• Alle Preisangaben inkl. MwSt.
Gewöhnlich versandfertig in 4 bis 5 Wochen.
Verkauf und Versand durch Amazon.
Geschenkverpackung verfügbar.
Menge:1
A Crystal Diary ist in Ihrem Einkaufwagen hinzugefügt worden
Gebraucht: Gut | Details
Verkauft von IchKaufsAb
Zustand: Gebraucht: Gut
Kommentar: - Leichte Gebrauchsspuren
Möchten Sie verkaufen?
Zur Rückseite klappen Zur Vorderseite klappen
Anhören Wird wiedergegeben... Angehalten   Sie hören eine Probe der Audible-Audioausgabe.
Weitere Informationen
Dieses Bild anzeigen

A Crystal Diary (Englisch) Taschenbuch – Februar 1997


Alle 2 Formate und Ausgaben anzeigen Andere Formate und Ausgaben ausblenden
Amazon-Preis Neu ab Gebraucht ab
Taschenbuch
"Bitte wiederholen"
EUR 11,52
EUR 7,38 EUR 3,51
3 neu ab EUR 7,38 4 gebraucht ab EUR 3,51
Jeder kann Kindle Bücher lesen — selbst ohne ein Kindle-Gerät — mit der KOSTENFREIEN Kindle App für Smartphones, Tablets und Computer.


Produktinformation

  • Taschenbuch: 240 Seiten
  • Verlag: Firebrand Books (Februar 1997)
  • Sprache: Englisch
  • ISBN-10: 1563410826
  • ISBN-13: 978-1563410826
  • Größe und/oder Gewicht: 1,3 x 15,2 x 22,9 cm
  • Durchschnittliche Kundenbewertung: 5.0 von 5 Sternen  Alle Rezensionen anzeigen (3 Kundenrezensionen)
  • Amazon Bestseller-Rang: Nr. 1.408.009 in Fremdsprachige Bücher (Siehe Top 100 in Fremdsprachige Bücher)

Mehr über den Autor

Entdecken Sie Bücher, lesen Sie über Autoren und mehr

Produktbeschreibungen

Amazon.de

The history of gay and lesbian lives is written not only in tales of gay politics or legislative amendments, but in the sounds and the stories of the streets. Frankie Hucklenbroich's A Crystal Diary is a beautifully sculpted and finely wrought autobiography about a working class stone butch making her way up from the meat-packing ghettos of St. Louis, Missouri, through the haze of Hollywood night-life in the 1960s and ending up in the wild, drug culture of San Francisco in the 1970s. A street-smart con artist who could have fallen out of a William Burroughs novel, Hucklenbroich and her memoirs are a testament to wit, survival, and sheer extraordinary talent.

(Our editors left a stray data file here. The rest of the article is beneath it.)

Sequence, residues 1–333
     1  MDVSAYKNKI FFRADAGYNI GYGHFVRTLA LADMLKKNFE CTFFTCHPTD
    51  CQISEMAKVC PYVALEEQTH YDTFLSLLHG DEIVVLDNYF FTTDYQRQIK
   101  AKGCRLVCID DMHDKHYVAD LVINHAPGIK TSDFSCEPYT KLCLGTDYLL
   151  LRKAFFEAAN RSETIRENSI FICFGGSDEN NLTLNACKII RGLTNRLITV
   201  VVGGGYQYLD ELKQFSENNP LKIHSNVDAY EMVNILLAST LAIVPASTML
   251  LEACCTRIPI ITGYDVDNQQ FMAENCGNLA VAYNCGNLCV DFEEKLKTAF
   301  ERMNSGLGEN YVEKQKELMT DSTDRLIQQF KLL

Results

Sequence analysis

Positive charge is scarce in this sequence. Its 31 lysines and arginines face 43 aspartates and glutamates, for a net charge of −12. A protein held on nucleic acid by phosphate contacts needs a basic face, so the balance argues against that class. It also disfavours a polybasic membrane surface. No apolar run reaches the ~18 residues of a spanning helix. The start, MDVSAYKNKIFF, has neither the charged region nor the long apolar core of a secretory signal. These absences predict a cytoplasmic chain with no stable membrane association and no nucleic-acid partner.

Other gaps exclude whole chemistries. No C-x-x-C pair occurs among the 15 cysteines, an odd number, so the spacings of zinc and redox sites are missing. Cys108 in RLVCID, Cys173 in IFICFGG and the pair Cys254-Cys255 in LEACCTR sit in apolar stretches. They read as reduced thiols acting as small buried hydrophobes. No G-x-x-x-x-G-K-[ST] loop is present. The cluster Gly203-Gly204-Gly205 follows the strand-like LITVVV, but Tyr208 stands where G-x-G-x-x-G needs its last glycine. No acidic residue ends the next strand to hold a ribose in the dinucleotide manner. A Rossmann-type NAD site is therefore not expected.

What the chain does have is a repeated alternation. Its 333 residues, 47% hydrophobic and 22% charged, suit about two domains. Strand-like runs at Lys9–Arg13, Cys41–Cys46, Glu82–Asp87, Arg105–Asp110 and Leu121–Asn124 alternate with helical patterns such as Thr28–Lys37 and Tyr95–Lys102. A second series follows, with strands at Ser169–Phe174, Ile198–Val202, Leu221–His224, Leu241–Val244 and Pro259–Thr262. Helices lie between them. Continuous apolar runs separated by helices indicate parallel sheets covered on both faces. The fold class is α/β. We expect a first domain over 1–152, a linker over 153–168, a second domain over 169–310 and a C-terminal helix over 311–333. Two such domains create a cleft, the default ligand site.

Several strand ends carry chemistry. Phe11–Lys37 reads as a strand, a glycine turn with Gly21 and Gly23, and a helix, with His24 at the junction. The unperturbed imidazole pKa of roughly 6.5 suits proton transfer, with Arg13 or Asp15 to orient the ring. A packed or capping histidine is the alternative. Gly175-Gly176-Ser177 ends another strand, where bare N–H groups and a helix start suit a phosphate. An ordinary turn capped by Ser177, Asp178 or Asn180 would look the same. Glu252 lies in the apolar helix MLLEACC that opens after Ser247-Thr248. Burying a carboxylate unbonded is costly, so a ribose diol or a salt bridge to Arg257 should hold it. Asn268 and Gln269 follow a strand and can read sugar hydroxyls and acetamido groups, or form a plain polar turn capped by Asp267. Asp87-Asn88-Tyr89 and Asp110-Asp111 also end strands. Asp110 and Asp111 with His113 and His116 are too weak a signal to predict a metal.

Synopsis

A fictional account of the largely illegal life on the drug infested streets of San Francisco pursued by the author in the 1970s. This book uncovers the lives of the often invisible lesbian women on the city streets, who pimp their girlfriends, and know how to survive and live off their wits.

Kundenrezensionen

5.0 von 5 Sternen
5 Sterne
3
4 Sterne
0
3 Sterne
0
2 Sterne
0
1 Sterne
0
Alle 3 Kundenrezensionen anzeigen
Sagen Sie Ihre Meinung zu diesem Artikel

Die hilfreichsten Kundenrezensionen

2 von 2 Kunden fanden die folgende Rezension hilfreich Von Lillian Faderman am 28. Februar 2000
Format: Taschenbuch
This book received great reviews in the lesbian press, but it was seriously under-promoted and never got the reader attention that it so justly deserved. After reading the manuscript, I was invited by the publisher to write a blurb for the book. Unfortunately, the blurb was never used, but I want to reiterate it here: A CRYSTAL DIARY is poignant and true and written from the gut. It's about working class lesbian hurt, anger, and alienation--and about lesbian strength, the will to survive, and noble courage. I've long admired Frankie Hucklenbroich's work, and in this novel it comes to brilliant and fabulous fruitiion.
Kommentar War diese Rezension für Sie hilfreich? Ja Nein Feedback senden...
Vielen Dank für Ihr Feedback. Wenn diese Rezension unangemessen ist, informieren Sie uns bitte darüber.
Wir konnten Ihre Stimmabgabe leider nicht speichern. Bitte erneut versuchen
Von Ein Kunde am 18. Juni 1997
Format: Taschenbuch
This novel, Hucklenbroich's first, is another in a long line of well written
works chosen to see the light of print by Firebrand Books. Not that a
publisher makes a work worth reading, but this publisher has a history of
selecting authors who have talent. A CRYSTAL DIARY is part of that tradition.
The fact that Hucklenbroich's other works, poetry and short fiction, have
been included in anthologies edited by Lillian Faderman and by Joan Nestle
provides those in need of endorsements with substantial ones. While the
subject matter is not always what some lesbians might find politically
correct, the novel is very well written and gives an excellent sense of place
and time. These characters are not so much politically incorrect as they are
simply products of their time and culture, and the author gives us an
excellent sense of who and why each is as she is. Coming out in St. Louis, or
almost anywhere else in the 1950's, and coming of age in a California caught
in the cyclones of drug cultures and the open sexuality of the 60's and 70's,
informs the self definitions of Hucklenbroich's baby butches and the women
they fall in love and lust with. These are real people whom the author draws
with believable accuracy and style. Regardless of your political views or
definitions of what and who is attractive, you'll find this book engaging
simply because it is thoughtfully written and heartfelt. If you have access
to America Online, watch for an announcement about a live online interview
with Hucklenbroich in late July, 1997. Go to keyword: LAMBDA RISING. If you
miss the interview, a text of it will be archived at that keyword for later
download.
Kommentar War diese Rezension für Sie hilfreich? Ja Nein Feedback senden...
Vielen Dank für Ihr Feedback. Wenn diese Rezension unangemessen ist, informieren Sie uns bitte darüber.
Wir konnten Ihre Stimmabgabe leider nicht speichern. Bitte erneut versuchen
Format: Taschenbuch